"The best part about this job is you never do the same thing every day, truly," Fotopoulos said.
He describes himself as "a little bird of a nerd" — into comics, Marvel and superheroes.
"Now I put people into Marvel projects," he said. "It screams to my inner child."
Fotopoulos graduated from Boston University in 2017 with a business administration degree. He studied abroad in Australia, interning at a tech startup, and in New Zealand, where he was an intern at the New Zealand International Comedy Festival. That included getting people to come in the door off the street for shows.
"I was pretty good at it," he said.
One of the draws of Boston University was its entertainment program in Los Angeles, he said.
"So my last semester, I actually packed up my stuff and came out here to start interning at a few talent agencies and take courses at night. It was awesome and led to my first full-time job," he said.
Fotopoulos said being a talent agent is challenging because it is more of a lifestyle than a job. Even watching television, you're really working, he said: "My agent brain is still on."
Rena Nanan: 'Thank goodness I pulled through'
High school: Central Islip High School
College: New York University
Today: Clinical coordinator for Summit Health's operational excellence team
Lives in: Central Islip
Rena Nanan nearly died of COVID-19 — in 2019.
"I actually got COVID before anyone knew it was here," said Nanan, 27.
Nanan was a healthy 24-year-old when she mysteriously fell ill in October 2019, she said. She had double pneumonia, couldn't breathe without being given oxygen, had fevers that wouldn't break and went up to 105 degrees, and bled from her nose and ears.
"It was definitely a scary time for me because I couldn't even put a name to what I had," she said.
"Thank goodness I pulled through," Nanan said.
Nanan was sick from October to December 2019, she said. She eventually got better — but as she did, the pandemic hit and life got harder once again.
At the time, Nanan, a registered nurse, was working in Memorial Sloan Kettering Cancer Center's emergency and critical care department.
"We were all helpless against this, and we had no idea what we were getting into," said Nanan, who used the same N-95 mask for three months. "I wore that thing until it was falling apart."
Nanan graduated from New York University in 2017 with a bachelor's degree in nursing. She said her "passion in life is being a humanitarian and continuously helping others." Her significant life experiences in the last decade have included "traveling abroad to provide medical care to underprivileged and impoverished communities in Honduras, Nicaragua, Argentina, Italy, and other various countries."
Nanan went into nursing because she loves taking care of people. But during the pandemic, she realized she couldn't leave them better than how she found them anymore.
"It was the first time you're up against something you were helpless against," said Nanan. "Deep down inside, as much hope as you had, you didn't have a good feeling," she added.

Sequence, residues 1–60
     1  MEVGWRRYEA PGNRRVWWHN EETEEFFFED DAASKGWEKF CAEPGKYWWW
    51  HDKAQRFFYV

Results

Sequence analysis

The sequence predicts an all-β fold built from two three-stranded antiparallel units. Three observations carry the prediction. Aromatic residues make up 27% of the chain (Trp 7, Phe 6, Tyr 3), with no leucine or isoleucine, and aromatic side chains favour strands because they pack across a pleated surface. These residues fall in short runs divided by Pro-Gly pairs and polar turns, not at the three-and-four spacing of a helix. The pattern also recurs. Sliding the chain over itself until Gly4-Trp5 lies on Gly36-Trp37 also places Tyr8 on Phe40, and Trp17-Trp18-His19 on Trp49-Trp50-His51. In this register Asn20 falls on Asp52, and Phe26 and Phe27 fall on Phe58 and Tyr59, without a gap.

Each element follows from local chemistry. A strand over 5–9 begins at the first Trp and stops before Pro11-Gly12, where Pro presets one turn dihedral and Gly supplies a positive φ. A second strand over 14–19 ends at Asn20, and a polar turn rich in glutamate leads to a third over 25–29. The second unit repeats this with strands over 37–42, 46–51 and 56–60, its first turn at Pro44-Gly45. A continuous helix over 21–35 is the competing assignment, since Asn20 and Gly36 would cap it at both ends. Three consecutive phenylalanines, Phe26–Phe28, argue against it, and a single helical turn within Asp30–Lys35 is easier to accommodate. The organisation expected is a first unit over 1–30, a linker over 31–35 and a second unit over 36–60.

Even today, Nanan said when she hears a ventilator going off she has "automatic PTSD" from all the patients she lost and all those memories.
Nanan worked at Memorial Sloan Kettering for four years, getting "a strong clinical and leadership foundation" in health care. Next she became a nursing supervisor and administrator at Stony Brook Medicine, and in March joined Summit Health, where she continues to "climb the ladder."
Despite all the challenges of the pandemic, Nanan doesn't regret her time as a nurse. She and her colleagues rallied together, and everyone had each other's backs, she said.
"We all sacrificed to help humanity," she said. "It was one of my most traumatic, yet rewarding life experiences, that if needed I would do again in a heartbeat."
Young Il Chung: Connected to the past, embracing the present
High school: St. Mary's High School, Manhasset
College: New York Institute of Technology
Today: Second-year family medicine resident at Northside Hospital Gwinnett
Lives in: Duluth, Georgia
Young Il Chung said he had not realized 10 years had passed since graduation until Newsday called.
"I still remember that day when I was on the podium doing [my] graduation speech," he said.
At the same time, the "fact that I am standing where I wanted to stand 10 years ago excites me the most," Chung said.
The 28-year-old — who has wanted to pursue a career in medicine since he was little — works as a doctor near Atlanta. He said he likes the broad spectrum of family medicine and building core relationships with patients.
Chung was born in South Korea and came to the United States in the fourth grade, moving to Great Neck in sixth. As an undergraduate he majored in biology at the New York Institute of Technology in Old Westbury, graduating in 2016. He also attended NYIT for medical school, receiving that degree in 2021.